Running From Fencott

We are poor people
have no craft or skill
are not guildspeople

Our material is not stone or fine timber
not iron for tools
nor rare metals for delicate fineries

We are not wrights
nor aspire to be such

We work hard
the menial land
do what is necessary with graft and little skill
do many necessary ordinary things well
There are many simple things to learn
Cutting soil
weaving branches
sculpting hay
animating plants
draughting hedges
multiplying animals

When our master was required to collect taxes
from each of us
old enough to pay
we took
were given
the name of the place where we lived
a small farming hamlet
a cottagium
too small to be a manor
Were given the name Fencott
there was nothing else to distinguish us
We were not Smiths Bakers Shepherds Millers.
We are now Fencotts

We work the land of Fencott
the cottage in the fens
for others

Bewitched Otmoor
the forgotten land
Sleeping Otmoor
cast under a spell of ancient magic
This curious area
of almost wild fen-like desolation

A marshland of
false tempers
stuffy vapours
misleading voices
feckless imaginings
uncertain underfoot
reckless venturesome Otmoor
Hidden in the heart of England
right close to Oxford
Fen-like but not the anglian fen of the east

Fencott lies low in Otmoor


Some dark winter nights
there were celebrations
flickering fire
strong drink dancing

There were often nights like these
more than people would realise
The family of all ages

No place for shyness
or contemplation
only the communal
merriment let loose
within the bonds of family and friends

There were nights like these
in my childhood
the name had got to me
of no known origin

The family of all ages
television radio record player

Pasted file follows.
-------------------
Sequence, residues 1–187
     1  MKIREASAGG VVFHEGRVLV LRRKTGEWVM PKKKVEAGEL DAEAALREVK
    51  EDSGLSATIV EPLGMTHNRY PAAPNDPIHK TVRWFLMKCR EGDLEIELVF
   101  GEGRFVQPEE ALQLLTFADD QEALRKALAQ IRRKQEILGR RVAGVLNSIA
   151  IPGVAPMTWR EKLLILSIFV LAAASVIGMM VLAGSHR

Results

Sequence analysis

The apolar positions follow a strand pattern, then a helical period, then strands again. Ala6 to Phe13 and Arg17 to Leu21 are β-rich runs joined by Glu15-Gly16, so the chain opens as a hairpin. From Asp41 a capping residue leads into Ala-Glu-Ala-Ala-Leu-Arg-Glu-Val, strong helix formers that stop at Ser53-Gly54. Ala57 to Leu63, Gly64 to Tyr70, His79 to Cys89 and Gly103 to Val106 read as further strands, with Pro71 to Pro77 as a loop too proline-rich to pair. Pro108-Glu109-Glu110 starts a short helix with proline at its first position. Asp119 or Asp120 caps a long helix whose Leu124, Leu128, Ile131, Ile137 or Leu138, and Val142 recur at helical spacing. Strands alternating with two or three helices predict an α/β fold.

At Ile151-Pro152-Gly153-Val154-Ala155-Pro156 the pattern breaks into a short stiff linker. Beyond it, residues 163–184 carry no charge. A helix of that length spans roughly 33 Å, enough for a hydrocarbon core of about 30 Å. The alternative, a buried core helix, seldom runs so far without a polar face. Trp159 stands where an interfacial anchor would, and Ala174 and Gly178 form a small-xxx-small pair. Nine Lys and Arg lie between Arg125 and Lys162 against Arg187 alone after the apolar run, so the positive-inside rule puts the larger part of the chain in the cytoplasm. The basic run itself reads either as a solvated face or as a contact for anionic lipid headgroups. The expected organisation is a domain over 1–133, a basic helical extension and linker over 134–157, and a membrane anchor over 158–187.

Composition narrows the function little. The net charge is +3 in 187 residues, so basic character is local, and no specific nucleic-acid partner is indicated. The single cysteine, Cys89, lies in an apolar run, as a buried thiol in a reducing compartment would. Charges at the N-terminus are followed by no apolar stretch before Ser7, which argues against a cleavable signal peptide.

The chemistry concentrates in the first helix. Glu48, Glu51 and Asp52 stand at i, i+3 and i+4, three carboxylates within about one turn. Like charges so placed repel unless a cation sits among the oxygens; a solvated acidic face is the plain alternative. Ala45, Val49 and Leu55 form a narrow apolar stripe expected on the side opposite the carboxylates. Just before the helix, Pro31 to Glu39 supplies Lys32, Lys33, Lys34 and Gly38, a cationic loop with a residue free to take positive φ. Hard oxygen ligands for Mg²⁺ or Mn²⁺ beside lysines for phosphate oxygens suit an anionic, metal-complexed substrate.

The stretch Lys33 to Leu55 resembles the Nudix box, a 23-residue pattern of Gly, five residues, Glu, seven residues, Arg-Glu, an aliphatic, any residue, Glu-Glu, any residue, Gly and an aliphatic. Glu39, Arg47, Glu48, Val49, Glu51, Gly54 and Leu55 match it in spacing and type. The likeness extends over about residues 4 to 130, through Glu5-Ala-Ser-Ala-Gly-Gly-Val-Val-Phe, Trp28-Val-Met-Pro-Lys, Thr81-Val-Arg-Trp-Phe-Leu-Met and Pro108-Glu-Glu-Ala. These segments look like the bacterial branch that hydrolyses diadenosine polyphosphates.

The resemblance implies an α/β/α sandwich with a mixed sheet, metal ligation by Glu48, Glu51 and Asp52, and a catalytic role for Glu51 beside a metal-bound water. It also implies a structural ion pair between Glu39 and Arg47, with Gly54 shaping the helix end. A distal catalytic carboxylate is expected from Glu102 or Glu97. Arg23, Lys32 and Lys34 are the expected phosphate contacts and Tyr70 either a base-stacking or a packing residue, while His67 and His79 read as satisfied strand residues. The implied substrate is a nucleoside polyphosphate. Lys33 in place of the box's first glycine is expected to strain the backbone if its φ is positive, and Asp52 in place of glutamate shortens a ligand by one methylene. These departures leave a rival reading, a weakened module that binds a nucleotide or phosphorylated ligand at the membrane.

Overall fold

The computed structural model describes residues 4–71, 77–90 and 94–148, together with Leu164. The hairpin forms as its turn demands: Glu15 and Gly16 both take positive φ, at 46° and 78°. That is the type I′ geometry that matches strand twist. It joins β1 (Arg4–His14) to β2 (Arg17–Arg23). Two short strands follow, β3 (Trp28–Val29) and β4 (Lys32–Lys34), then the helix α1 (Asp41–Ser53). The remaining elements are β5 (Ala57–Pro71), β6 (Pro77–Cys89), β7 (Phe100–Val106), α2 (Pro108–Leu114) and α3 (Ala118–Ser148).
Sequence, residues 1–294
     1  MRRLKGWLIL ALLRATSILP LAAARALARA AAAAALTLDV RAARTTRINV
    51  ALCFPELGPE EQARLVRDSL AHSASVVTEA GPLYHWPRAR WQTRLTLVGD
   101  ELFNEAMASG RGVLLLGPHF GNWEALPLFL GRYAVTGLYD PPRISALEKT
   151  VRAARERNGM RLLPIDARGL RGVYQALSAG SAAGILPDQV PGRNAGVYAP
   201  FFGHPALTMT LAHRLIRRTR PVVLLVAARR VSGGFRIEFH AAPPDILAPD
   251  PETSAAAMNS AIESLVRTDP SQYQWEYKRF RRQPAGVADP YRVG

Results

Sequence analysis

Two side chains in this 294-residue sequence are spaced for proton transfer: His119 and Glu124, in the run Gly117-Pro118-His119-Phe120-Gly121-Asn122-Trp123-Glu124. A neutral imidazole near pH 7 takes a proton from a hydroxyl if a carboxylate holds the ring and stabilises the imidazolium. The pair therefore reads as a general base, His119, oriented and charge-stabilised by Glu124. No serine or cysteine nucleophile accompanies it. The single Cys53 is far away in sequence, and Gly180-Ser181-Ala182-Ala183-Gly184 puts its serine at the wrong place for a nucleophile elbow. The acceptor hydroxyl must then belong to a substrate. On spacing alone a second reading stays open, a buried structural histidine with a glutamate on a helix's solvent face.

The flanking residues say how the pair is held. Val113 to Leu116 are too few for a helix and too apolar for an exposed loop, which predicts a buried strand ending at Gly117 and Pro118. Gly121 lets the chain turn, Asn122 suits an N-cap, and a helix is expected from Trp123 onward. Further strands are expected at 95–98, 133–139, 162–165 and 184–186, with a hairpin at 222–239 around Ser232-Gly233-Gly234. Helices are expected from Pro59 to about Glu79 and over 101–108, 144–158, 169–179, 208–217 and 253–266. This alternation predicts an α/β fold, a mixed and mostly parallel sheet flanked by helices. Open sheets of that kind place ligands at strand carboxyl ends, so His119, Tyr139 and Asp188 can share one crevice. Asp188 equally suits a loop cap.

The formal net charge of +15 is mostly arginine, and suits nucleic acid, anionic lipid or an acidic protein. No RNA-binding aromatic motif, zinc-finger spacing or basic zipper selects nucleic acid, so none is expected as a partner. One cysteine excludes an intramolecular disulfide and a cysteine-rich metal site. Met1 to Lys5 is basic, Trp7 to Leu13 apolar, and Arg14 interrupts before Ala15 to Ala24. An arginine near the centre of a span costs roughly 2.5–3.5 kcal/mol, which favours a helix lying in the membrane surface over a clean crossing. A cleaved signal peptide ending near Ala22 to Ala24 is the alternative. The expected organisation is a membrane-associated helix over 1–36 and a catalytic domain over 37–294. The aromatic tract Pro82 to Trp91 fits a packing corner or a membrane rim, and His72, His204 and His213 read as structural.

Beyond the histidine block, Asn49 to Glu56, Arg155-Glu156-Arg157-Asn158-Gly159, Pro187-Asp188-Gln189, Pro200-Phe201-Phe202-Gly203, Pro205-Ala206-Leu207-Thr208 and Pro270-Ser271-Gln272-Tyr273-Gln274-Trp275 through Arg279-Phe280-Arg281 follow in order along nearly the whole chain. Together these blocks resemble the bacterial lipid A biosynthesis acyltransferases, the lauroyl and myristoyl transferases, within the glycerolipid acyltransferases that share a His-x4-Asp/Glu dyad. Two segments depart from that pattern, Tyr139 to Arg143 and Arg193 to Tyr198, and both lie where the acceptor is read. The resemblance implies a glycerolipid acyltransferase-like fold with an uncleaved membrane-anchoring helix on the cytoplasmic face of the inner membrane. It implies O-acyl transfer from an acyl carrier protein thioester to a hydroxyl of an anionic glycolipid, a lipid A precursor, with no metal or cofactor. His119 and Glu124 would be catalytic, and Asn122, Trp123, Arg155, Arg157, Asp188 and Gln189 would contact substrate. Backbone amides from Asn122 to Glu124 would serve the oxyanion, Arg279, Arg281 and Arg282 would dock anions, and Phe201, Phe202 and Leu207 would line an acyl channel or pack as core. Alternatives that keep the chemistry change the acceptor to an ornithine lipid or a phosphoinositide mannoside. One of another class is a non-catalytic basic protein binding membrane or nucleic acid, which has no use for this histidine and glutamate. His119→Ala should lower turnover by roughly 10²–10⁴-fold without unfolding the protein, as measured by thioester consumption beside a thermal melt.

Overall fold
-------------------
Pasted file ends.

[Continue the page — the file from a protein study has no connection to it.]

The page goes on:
or other mechanical contrivance

The sound of voices
singing laughing
raucous joke cackles
stories almost
stores of the real
that are not quite jokes
elabourations of events that once almost happened
stories not surprises
Some are more serious than others
Some genuine myth and legend handed down
over and over again

Jack 'O Kent playing quoits with the devil
tricks and
clever ruses
that the devil was never a match for

fantastical events
fantastically told that they might be true

There were two shopkeepers that never got on
and they were always playing jokes on each other
Winding each other up
Anonymous requests

"Is that the taxidermist?"
"Do you stuff parrots?"
"Well thisun's dead Stuff it up your arse"

"Is that the fishmonger?"
"Half hundredweight of filleted tadpoles please"


Somehow this working would not stay so
Something was made
to change
living with themselves

Working up a thirst
Building a need
let all loose
let is all go
to claim that right
to loose
no choice
but the bloodiness of the rebellion

Stumbling through reed beds
head high
knee deep mud
getting out anywhere
reeds part as bodies pass
night tells only the sound of passing
The hunt to choose
drove us to flee

Running from Fencott
No appetite for the celebration
Fencotts lie low in Otmoor
Sinews between us all


Street door hedge
over roof tops over
flaking and aging tables
white juke pin chairs checquered
even as a boy
across roof tops
the space he found
wanted that the spot that he found
look less like real walls

Material of ambiguous clarity
Love workcraft of expression

Parts patterns repetitions